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Full text of "Leo Tolstoy's The death of Ivan Ilyich : teacher's guide"

National Endowment for the Arts 



TEACHER'S GUIDE 




"••W . . INSTITUTE of . „ 

•.•.«. Museum,n<iLibrary 

SERVICES 



LEO TOLSTOY'S 

The Death 
of Ivan llyich 



NATIONAL 
ENDOWMENT 
FOR THE ARTS 



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READ 



LEO TOLSTOY'S 

The Death 
of Ivan llyich 

TEACHER'S GUIDE 




NATIONAL 
ENDOWMENT 
FOR THE ARTS 



•/.. MuseunriandLibrary 

•V" SERVICES 



AH 



MIDWEST 



The National Endowment for the Arts is a public agency dedicated to supporting 
excellence in the arts — both new and established — bringing the arts to all Americans, 
and providing leadership in arts education. Established by Congress in 1965 as an 
independent agency of the federal government, the Endowment is the nations largest 
annual hinder of the arts, bringing great art to all 50 states, including rural areas, inner 
cities, and military bases. 

The Institute of Museum and Library Services is the primary source of federal support for 
the nation's 122,000 libraries and 17,500 museums. The Institute's mission is to create 
strong libraries and museums that connect people to information and ideas. The Institute 
works at the national level and in coordination with state and local organizations to sustain 
heritage, culture, and knowledge; enhance learning and innovation; and support 
professional development. 

Arts Midwest connects people throughout the Midwest and the world to meaningful arts 
opportunities, sharing creativity, knowledge, and understanding across boundaries. Based 
in Minneapolis, Arts Midwest connects the arts to audiences throughout the nine-state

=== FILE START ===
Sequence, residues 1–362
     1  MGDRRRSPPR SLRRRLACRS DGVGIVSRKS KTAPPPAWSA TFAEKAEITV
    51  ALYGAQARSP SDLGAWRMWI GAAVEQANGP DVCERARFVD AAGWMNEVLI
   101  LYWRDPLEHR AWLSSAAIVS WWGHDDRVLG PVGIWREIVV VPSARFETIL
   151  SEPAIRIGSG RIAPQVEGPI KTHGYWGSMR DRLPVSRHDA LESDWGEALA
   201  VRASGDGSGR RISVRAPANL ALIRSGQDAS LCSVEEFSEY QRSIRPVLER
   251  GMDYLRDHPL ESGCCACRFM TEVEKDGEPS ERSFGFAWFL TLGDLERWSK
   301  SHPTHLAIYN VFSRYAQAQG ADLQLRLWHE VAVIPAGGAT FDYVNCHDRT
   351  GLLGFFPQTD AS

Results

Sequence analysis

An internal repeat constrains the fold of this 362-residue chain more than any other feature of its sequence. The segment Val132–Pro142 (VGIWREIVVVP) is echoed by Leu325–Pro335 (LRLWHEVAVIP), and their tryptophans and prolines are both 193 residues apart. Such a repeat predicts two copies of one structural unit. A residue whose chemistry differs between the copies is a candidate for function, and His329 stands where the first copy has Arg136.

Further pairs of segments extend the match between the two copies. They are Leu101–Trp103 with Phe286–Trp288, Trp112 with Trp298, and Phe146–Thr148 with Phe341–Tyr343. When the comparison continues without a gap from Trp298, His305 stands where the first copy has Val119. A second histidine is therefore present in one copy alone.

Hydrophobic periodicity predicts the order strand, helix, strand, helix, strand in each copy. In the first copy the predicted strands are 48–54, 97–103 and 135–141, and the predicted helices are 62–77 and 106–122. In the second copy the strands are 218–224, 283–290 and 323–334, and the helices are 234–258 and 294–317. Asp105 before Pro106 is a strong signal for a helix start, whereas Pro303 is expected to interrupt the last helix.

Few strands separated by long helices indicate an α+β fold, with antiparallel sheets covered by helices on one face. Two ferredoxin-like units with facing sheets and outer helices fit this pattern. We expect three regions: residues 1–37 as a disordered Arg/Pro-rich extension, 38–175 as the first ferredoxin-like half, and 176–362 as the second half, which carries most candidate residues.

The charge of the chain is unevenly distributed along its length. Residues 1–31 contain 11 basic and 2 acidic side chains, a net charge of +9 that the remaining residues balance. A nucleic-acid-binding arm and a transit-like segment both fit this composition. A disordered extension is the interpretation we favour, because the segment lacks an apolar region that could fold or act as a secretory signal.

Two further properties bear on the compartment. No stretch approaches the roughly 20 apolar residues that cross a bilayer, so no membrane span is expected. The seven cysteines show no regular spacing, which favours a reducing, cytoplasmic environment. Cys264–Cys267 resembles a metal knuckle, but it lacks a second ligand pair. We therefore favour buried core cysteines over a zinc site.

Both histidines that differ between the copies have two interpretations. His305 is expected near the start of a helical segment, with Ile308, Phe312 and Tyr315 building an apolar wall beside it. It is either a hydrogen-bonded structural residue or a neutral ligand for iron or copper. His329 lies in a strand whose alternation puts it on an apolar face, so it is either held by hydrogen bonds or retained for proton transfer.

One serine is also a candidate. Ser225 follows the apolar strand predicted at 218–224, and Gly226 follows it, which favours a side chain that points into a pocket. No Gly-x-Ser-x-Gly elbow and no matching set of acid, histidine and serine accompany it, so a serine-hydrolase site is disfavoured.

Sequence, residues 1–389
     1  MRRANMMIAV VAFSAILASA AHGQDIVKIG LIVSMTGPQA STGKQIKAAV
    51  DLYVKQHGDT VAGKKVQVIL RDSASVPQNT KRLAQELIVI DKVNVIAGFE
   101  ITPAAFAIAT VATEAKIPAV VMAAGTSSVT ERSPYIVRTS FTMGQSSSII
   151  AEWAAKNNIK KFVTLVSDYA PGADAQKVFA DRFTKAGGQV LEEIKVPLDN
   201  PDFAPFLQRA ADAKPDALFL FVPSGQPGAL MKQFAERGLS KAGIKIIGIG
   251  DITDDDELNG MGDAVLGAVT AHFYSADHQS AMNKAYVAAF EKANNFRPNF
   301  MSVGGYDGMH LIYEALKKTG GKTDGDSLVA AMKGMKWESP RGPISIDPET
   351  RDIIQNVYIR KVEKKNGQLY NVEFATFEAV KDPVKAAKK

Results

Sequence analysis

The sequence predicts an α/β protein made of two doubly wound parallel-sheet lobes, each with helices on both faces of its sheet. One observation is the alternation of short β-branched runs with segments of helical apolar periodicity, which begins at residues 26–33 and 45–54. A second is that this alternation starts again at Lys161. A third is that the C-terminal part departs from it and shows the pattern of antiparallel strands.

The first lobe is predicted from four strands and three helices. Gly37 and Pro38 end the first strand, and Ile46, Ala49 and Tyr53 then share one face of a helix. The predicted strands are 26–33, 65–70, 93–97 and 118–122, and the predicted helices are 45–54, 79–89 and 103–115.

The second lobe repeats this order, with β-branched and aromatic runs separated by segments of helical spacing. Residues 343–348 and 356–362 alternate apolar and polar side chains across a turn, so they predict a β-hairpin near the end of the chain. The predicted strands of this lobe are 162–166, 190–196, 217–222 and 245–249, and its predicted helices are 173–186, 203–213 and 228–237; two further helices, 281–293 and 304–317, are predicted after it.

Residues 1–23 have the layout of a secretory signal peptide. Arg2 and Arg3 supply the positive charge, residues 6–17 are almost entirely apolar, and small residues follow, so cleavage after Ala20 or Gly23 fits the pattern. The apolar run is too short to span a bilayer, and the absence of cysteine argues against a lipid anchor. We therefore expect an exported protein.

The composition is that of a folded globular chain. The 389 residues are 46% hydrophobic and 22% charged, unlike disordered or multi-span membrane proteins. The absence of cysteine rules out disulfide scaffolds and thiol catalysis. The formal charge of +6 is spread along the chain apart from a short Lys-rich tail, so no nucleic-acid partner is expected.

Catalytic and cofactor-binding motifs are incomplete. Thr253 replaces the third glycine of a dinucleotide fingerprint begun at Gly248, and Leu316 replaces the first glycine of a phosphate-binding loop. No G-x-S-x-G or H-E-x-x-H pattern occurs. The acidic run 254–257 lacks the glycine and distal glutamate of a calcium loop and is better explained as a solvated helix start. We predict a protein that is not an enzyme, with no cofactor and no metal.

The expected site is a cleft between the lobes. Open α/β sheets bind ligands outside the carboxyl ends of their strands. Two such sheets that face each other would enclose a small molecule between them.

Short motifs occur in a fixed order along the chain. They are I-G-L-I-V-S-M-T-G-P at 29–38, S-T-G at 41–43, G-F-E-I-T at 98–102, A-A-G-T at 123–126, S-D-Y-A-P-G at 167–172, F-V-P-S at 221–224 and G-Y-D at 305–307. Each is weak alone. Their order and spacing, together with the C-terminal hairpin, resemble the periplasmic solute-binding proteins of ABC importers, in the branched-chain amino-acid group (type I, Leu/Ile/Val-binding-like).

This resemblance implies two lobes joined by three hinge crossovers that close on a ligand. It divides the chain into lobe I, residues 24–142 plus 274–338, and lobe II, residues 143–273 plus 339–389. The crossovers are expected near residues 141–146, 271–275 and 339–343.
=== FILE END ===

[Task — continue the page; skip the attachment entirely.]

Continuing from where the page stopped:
region of Illinois, Indiana, Iowa, Michigan, Minnesota, North Dakota, Ohio, South 
Dakota, and Wisconsin. One of six non-profit regional arts organizations in the United 
States, Arts Midwest's history spans more than 25 years. 

Additional support for the Big Read has also been provided by the WK. Kellogg 
Foundation. 



Published by 

National Endowment for the Arts 
1 100 Pennsylvania Avenue, N. W. 
Washington, D.C. 20506-0001 
(202) 682-5400 



Sources 

Tolstoy, Leo. The Death of Ivan llyich. 1886. Trans. Lynn Solotaroff. New York: Bantam Dell, 1981. 

Acknowledgements 

David Kipen, NEA Director of National Reading Initiatives 

Sarah Bainter Cunningham, PhD, NEA Director of Arts Education 

Writers: Michael Palma for the National Endowment for the Arts, with a preface by Dana Gioia 

Series Editor: Molly Thomas-Hicks for the National Endowment for the Arts 

Graphic Design: Fletcher Design/Washington D.C. 

Image Credits 

Cover Portrait: John Sherfhus for the Big Read. Page iv: The Kremlin in Moscow, courtesy of the Library of 
Congress Frank and Frances Carpenter Collection; bookcover, courtesy of Bantam Dell, a division of Random 
House. Page 1 : Caricature of Dana Gioia by John Sherffius. Inside back cover: © Bettmann/Corbis. 




Table of Contents 

Introduction 1 

Suggested Teaching Schedule 2 

Lesson One: Biography 4 

Lesson Two: Culture and History 5 

Lesson Three: Narrative and Point of View 6 

Lesson Four: Characters 7 

Lesson Five: Stvle and Genre 8 

Lesson Six: Svmbolism and Ficnirative Language ^ 

Lesson Seven: Character Development 1 

Lesson Eight: The Plot Unfolds 1 1 

Lesson Nine: Themes of the Novella 1 1 

Lesson Ten: What Makes a Great Rook? 13 

Essay Topics 1 4